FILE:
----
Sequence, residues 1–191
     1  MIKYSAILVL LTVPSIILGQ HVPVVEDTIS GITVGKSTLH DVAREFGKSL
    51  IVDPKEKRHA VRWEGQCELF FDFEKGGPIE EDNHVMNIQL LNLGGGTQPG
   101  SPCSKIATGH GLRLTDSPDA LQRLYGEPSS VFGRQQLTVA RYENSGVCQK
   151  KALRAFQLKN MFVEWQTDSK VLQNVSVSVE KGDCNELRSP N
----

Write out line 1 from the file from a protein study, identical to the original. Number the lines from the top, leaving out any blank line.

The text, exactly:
Sequence, residues 1–191